by Tristan Turner
AltaLink Presents to Council
Ed Toupin, Manager of North Stations at AltaLink, gave a brief presentation to Council at their May 12 regular meeting. AltaLink is Alberta’s largest transmission company and is responsible for servicing electrical transmission lines that end up delivering power to 85% of Albertans, including those who live in Morinville.
Much of the presentation focused on the distinction between electrical companies that deal with generation, transmission, distribution and retailers. With companies like AltaLink responsible for carrying power from generation sources (coal, wind, hydro etc.) through large transmission lines and to substations. From there, electricity is taken to homes within communities from distributors (FortisAlberta in Morinville) where people buy their energy from retailers (EPCOR, Direct Energy, etc.)
Councillor Ladouceur asked Toupin a question about whether any new transmission lines would be going through Morinville or the surrounding area, to which Toupin said nothing came to mind, and that there would not be any significant changes to the community’s electrical system in the near future. However, there are changes in generation coming, with Toupin pointing to the end of life for many coal generation plants in Alberta, with new wind and solar energy expanding to replace them.
Council thanked Toupin for his presentation, but later in the meeting Councillor Dafoe commented that he thought regular meetings of council should focus on decision making, with information presentations being more appropriate for the once-monthly committee of the whole meetings. Mayor Holmes agreed, saying that presentations will only be held during regular meetings of Council if there is a scheduling conflict that does not permit presenters to attend the once monthly meetings.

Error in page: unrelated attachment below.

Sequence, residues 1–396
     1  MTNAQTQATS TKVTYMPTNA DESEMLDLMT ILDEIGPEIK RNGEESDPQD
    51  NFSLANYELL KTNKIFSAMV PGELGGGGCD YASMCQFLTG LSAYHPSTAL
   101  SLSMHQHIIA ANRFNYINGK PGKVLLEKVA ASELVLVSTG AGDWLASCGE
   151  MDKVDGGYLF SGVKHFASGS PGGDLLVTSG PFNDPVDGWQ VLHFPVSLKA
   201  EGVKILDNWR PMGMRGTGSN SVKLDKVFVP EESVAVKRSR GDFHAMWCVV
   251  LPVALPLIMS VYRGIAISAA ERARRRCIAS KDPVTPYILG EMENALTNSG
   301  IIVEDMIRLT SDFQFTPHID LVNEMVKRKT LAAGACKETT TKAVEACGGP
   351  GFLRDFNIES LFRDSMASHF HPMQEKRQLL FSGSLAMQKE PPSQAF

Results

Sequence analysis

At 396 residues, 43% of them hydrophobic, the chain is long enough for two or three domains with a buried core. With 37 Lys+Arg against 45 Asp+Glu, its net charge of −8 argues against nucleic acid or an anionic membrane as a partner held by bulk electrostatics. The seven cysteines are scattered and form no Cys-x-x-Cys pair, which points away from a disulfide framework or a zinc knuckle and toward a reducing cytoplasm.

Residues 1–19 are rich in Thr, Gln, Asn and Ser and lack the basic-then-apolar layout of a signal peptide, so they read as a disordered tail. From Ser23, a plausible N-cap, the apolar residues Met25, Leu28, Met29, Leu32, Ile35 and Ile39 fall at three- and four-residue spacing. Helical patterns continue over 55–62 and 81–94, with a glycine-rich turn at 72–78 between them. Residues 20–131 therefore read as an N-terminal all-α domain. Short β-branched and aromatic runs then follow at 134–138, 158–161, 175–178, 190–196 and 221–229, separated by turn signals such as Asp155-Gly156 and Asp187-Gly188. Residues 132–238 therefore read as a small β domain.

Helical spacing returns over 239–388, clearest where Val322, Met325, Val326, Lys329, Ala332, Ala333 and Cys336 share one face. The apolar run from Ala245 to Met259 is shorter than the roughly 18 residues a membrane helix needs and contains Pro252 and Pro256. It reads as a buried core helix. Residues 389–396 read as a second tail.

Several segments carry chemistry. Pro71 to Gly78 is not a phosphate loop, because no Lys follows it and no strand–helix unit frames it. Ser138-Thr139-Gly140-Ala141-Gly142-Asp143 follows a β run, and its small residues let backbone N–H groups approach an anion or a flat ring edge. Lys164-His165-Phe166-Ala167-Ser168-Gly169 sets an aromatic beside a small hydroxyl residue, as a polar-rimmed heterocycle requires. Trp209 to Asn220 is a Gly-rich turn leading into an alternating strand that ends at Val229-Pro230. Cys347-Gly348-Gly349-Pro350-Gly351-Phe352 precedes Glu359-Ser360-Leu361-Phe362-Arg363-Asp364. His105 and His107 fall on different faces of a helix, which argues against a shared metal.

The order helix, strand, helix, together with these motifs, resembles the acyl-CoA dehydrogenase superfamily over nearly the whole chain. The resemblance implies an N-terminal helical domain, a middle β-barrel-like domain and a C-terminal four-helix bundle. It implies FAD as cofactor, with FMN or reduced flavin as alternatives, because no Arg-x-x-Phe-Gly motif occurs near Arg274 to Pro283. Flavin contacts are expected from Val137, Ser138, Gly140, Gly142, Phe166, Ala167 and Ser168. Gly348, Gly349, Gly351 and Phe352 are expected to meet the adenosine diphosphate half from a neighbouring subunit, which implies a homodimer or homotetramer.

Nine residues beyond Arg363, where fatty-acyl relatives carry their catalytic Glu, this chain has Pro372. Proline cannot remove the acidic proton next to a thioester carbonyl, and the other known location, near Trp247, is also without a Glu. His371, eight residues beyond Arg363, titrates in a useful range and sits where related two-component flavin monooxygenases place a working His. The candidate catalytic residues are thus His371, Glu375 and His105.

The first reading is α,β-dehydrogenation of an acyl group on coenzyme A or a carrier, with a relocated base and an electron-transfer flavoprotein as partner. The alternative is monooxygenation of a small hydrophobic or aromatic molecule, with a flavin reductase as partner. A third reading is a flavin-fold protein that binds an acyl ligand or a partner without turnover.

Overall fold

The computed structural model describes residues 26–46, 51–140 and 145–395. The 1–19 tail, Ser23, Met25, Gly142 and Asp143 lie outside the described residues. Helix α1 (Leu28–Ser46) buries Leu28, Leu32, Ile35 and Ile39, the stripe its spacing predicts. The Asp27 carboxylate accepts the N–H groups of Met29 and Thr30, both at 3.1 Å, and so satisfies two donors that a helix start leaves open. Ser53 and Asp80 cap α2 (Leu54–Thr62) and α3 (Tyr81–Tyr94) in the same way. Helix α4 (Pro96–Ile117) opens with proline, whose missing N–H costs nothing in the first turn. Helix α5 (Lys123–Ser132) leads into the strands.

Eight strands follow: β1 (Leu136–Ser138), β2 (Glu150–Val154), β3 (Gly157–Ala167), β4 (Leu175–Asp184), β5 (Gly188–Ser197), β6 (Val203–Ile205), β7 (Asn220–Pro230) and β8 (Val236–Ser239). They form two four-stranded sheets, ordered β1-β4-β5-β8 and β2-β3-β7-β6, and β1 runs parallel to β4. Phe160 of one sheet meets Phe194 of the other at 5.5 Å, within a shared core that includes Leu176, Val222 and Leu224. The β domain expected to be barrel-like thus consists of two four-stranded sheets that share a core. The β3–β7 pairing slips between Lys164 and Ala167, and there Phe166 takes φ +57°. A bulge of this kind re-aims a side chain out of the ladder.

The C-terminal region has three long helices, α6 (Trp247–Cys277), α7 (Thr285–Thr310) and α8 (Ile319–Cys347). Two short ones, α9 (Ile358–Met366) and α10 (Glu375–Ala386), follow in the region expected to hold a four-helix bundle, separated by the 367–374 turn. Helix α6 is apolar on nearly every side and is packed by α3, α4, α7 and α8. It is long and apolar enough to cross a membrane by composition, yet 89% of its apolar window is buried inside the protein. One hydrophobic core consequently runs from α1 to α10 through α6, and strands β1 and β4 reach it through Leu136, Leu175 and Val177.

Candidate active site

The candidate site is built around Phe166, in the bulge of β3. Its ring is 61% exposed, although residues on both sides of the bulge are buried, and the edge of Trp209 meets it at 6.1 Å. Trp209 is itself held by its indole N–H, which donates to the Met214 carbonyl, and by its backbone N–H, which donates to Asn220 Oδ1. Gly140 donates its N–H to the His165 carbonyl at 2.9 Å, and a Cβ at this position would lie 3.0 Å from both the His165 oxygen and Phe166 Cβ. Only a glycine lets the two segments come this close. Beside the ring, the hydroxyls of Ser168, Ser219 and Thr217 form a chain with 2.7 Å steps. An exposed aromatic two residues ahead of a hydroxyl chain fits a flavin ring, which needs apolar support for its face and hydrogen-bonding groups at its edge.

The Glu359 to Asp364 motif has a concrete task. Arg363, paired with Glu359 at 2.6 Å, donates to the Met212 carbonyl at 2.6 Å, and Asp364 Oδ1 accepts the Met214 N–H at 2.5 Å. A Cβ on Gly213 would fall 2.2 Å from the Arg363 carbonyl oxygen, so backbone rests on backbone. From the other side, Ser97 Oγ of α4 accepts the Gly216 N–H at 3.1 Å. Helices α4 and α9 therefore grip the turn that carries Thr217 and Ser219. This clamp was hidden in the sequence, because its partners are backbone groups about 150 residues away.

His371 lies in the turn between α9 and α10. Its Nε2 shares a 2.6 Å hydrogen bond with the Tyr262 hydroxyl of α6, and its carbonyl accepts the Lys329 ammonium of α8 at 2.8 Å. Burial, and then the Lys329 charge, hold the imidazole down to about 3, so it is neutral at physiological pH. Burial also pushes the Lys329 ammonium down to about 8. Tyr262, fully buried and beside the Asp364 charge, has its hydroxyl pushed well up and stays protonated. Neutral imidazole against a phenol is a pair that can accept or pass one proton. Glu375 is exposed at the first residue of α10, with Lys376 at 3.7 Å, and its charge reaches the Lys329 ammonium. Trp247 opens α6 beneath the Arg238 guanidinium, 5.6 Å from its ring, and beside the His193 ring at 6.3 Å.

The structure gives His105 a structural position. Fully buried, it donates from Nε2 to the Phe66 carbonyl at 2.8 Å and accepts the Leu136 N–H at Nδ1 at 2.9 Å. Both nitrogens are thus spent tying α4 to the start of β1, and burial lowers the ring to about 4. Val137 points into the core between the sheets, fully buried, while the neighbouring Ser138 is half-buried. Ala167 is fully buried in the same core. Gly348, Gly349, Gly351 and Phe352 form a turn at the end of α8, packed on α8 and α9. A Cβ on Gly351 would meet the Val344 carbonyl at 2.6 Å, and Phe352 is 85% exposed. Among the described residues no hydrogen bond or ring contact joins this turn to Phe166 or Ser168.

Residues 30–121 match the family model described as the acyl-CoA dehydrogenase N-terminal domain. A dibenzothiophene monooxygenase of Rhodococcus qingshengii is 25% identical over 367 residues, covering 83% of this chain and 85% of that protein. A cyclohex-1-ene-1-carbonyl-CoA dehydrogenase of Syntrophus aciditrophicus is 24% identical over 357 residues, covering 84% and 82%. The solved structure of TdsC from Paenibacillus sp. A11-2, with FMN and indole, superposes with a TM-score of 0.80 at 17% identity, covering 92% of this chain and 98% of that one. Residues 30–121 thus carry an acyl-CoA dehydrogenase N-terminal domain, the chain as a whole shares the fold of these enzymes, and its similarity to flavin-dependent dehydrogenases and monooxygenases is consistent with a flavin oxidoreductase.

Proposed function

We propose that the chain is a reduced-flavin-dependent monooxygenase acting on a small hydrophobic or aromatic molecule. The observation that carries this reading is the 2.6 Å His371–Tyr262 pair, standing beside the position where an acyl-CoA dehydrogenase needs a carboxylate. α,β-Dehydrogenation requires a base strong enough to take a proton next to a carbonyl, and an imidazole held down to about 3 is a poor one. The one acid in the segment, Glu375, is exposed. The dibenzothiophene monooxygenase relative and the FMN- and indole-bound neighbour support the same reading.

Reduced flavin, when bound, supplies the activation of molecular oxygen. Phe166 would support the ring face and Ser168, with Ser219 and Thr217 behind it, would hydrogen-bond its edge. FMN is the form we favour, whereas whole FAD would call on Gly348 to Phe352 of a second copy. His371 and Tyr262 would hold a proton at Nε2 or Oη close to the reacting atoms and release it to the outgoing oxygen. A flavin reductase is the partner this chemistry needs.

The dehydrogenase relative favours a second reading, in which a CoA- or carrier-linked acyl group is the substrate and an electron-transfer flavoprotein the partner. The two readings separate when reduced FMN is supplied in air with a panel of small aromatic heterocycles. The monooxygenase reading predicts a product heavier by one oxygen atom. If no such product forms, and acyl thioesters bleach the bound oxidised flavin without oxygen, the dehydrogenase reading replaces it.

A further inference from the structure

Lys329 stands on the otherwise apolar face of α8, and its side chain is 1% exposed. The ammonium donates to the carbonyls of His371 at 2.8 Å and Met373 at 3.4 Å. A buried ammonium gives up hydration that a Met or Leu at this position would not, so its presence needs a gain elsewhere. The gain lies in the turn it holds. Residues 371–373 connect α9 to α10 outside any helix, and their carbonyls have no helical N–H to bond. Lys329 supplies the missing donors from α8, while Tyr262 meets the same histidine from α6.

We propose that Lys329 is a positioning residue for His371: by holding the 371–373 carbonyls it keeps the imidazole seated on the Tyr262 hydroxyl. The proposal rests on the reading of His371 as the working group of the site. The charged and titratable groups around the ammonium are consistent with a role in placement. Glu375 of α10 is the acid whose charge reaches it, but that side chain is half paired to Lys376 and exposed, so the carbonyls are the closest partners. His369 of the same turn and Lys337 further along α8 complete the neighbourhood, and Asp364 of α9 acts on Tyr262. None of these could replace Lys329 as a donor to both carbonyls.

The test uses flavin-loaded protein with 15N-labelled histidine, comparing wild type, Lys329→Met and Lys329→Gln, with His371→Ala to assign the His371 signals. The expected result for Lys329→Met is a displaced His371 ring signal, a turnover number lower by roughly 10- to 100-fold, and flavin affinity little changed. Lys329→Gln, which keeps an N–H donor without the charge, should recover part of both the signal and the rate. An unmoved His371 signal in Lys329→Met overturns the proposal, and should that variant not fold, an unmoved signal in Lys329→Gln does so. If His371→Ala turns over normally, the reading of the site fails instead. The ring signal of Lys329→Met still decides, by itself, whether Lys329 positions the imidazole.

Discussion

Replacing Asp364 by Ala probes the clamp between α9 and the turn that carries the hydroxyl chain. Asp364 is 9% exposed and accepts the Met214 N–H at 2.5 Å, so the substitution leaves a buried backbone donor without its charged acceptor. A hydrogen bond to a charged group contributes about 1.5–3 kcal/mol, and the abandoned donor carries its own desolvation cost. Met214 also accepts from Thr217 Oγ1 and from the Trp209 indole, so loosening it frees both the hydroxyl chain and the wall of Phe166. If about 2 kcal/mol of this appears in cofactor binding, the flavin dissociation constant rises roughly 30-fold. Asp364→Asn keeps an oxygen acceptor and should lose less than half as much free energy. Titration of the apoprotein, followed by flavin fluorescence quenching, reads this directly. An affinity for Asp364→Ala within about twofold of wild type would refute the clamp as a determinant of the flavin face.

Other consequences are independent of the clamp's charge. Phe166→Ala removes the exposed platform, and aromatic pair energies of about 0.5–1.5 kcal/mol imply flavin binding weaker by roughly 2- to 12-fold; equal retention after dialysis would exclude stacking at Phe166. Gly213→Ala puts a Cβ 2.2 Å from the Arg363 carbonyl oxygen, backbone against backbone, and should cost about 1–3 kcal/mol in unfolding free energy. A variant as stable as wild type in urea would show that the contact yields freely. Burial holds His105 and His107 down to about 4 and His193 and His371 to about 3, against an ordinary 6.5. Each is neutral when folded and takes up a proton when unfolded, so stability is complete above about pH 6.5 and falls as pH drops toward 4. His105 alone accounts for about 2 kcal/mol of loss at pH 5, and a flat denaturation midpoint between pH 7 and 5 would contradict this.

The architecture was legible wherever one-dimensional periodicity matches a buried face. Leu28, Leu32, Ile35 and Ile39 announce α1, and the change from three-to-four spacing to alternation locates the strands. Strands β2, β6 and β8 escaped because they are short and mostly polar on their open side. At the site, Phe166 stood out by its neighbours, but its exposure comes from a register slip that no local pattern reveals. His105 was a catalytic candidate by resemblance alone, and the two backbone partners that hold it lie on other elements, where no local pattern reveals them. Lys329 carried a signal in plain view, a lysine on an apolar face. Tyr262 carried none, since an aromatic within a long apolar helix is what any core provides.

Council gets update on schools
CAO Debbie Oyarzun gave council a brief update on the progress of Morinville’s schools, explaining that very soon town staff will be on hand to assist MPES with the installation of six new modulars to accommodate dramatic student population growth.
Oyarzun also noted that potential school sites were being worked on for both school divisions.
Council gets rec centre update
CAO Debbie Oyarzun gave Council an update to the new rec centre project following an open house held Mar. 26. In the update, Oyarzun informed Council the nine groups of residents that attended the event were tasked with building a theoretical rec centre with all the amenities they wanted. They could choose to build in stages or all at once, and were given ballpark figures as to what different features and build styles would cost. If they went over the allotted budget, they were asked how they would pay for the increased cost.
As expected, a variety of responses were received, but some commonalities were found. All groups wanted to see a running track built in the first stage of the building, with seven wanting an ice arena and seven wanting a fieldhouse.
Oyarzun said work has already began on site identifying the thickness of topsoil and the nature of drainage and grading on the property. This will allow town staff to provide better estimates for building cost. An RFP for a project manager and designer will be going out shortly.